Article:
Back in March, a citywide poll showed voters supporting a housing levy that would add nearly $50 to their annual property tax bills by a comfortable 66 percent margin. But when the housing levy campaign group, Yes for Homes, did a second poll, it showed the levy leading by the slimmest of margins—"about 50-50," according to Yes for Homes campaign manager Chris Gregorich, who wouldn't release any further details about the poll. The campaign's concern, Gregorich says, is "people needing to know that it's coming up on the [Sept. 17] ballot," which doesn't have any other big races to entice them to the polls. Primary elections also tend to draw older, more conservative absentee voters—the same anti-tax bunch levy opponents are hoping will rally for their newly formed campaign, led by Kirk Robbins, vice president of the Washington Log Cabin Republicans. The levy would pay for low-income rental construction and preservation, transitional housing, and homeownership programs. It would also account for some 40 percent of the budget for the city's Office of Housing, which, according to deputy director Bill Rumpf, would receive just over $12 million of its $30 million annual budget from levy funds. . . .
Hempfest, the 11-year-old celebration of protein-rich food products, sustainable textiles, and, um, rope, didn't end up homeless after all. Earlier this year, we reported that the fest would have to pack up its tents and schlepp over to Sand Point Magnuson Park on Lake Washington, because ongoing construction at Myrtle Edwards Park—Hempfest's home since 1994—was edging out the festivities. Turns out Hempfest is back at Myrtle Edwards after all, after fest organizers were informed they would be responsible for security in all of Magnuson Park's 200-some-odd acres. "We've got 1,000 people on our campaign staff, but we can't handle" patrolling 200 acres, says festival organizer Dominic Holden. To make up for the space lost to construction, the festival will spill over into Pier 70 parking lots, Holden says. This year, Hempfest will be held the weekend of Aug. 17 and 18, from 10 a.m. to 8 p.m. . . .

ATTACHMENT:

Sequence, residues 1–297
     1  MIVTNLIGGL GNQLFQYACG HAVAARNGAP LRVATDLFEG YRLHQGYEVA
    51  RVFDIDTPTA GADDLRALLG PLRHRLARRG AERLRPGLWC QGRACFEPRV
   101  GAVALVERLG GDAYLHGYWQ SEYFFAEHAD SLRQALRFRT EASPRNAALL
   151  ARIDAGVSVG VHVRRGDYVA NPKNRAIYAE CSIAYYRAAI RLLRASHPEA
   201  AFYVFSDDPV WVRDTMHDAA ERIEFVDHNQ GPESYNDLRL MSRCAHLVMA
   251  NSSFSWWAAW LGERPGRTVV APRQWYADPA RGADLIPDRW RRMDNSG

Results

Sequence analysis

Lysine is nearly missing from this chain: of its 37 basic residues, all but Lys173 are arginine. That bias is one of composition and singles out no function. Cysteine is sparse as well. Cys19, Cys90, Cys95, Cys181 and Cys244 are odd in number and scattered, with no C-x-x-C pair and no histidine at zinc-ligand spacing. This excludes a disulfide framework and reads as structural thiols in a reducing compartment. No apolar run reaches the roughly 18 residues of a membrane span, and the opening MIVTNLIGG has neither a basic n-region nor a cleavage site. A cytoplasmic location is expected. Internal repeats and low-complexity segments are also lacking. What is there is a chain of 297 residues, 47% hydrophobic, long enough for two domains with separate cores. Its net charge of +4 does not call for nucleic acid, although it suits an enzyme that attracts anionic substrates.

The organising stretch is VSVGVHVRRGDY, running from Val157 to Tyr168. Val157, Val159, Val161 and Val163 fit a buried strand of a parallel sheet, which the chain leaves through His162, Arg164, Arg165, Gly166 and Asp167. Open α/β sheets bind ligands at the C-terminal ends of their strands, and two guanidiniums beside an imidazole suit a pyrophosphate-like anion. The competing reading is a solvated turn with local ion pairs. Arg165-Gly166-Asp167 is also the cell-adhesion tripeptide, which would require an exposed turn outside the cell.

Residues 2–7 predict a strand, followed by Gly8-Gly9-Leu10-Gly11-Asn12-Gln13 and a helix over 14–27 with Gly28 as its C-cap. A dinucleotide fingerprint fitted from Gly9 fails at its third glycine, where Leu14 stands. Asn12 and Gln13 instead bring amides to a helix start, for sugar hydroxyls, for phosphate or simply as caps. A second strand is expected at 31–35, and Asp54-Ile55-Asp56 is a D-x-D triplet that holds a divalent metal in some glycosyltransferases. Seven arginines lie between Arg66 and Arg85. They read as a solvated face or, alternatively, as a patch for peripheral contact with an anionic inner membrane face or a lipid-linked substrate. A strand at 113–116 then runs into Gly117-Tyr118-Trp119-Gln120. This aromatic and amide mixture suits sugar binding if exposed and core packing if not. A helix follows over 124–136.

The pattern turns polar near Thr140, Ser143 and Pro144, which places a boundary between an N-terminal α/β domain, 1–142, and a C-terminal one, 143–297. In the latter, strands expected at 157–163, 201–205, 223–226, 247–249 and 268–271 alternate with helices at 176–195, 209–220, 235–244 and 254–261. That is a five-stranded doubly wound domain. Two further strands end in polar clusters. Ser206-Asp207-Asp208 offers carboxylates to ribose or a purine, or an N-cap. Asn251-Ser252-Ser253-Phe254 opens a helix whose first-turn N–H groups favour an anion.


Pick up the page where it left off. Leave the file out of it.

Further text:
Back in July, Mayor Greg Nickels sent a memo to all city employees, offering them eight weeks' pay if they quit their jobs by Sept. 30. The catch: They had just one week, until July 24, to decide whether to apply for the program. Department heads were given another 12 days, until Aug. 5, to accept or deny the resignations. Why the rush? Nickels plans to propose as many as 600 layoffs by Sept. 23, when he submits his proposed budget to the City Council. That number could be reduced, according to the mayor's spokesperson, Marianne Bichsel, by early retirements and by shuffling some employees into vacant positions.
But the timing of the memo was unusual for another reason—the council, which had to approve or deny the mayor's plan, didn't take it up until Aug. 12, nearly three weeks after the application deadline. That put the council in the potentially awkward, if by now familiar, position of rubber-stamping the mayor's proposal. As of Aug. 13, according to personnel director Norma McKinney, around 537 employees had signed up for the program and 435 had been accepted.
Erica C. Barnett
Contributing this week: George Howland Jr.